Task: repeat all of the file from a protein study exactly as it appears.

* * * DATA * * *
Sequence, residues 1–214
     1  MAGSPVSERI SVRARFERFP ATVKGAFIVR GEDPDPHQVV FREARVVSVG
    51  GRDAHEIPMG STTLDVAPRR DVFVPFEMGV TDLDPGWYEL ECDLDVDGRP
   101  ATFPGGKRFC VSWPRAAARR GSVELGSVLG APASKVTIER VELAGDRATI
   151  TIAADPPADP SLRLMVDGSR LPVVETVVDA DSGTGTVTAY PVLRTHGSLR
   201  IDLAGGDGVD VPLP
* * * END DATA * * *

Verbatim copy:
Sequence, residues 1–214
     1  MAGSPVSERI SVRARFERFP ATVKGAFIVR GEDPDPHQVV FREARVVSVG
    51  GRDAHEIPMG STTLDVAPRR DVFVPFEMGV TDLDPGWYEL ECDLDVDGRP
   101  ATFPGGKRFC VSWPRAAARR GSVELGSVLG APASKVTIER VELAGDRATI
   151  TIAADPPADP SLRLMVDGSR LPVVETVVDA DSGTGTVTAY PVLRTHGSLR
   201  IDLAGGDGVD VPLP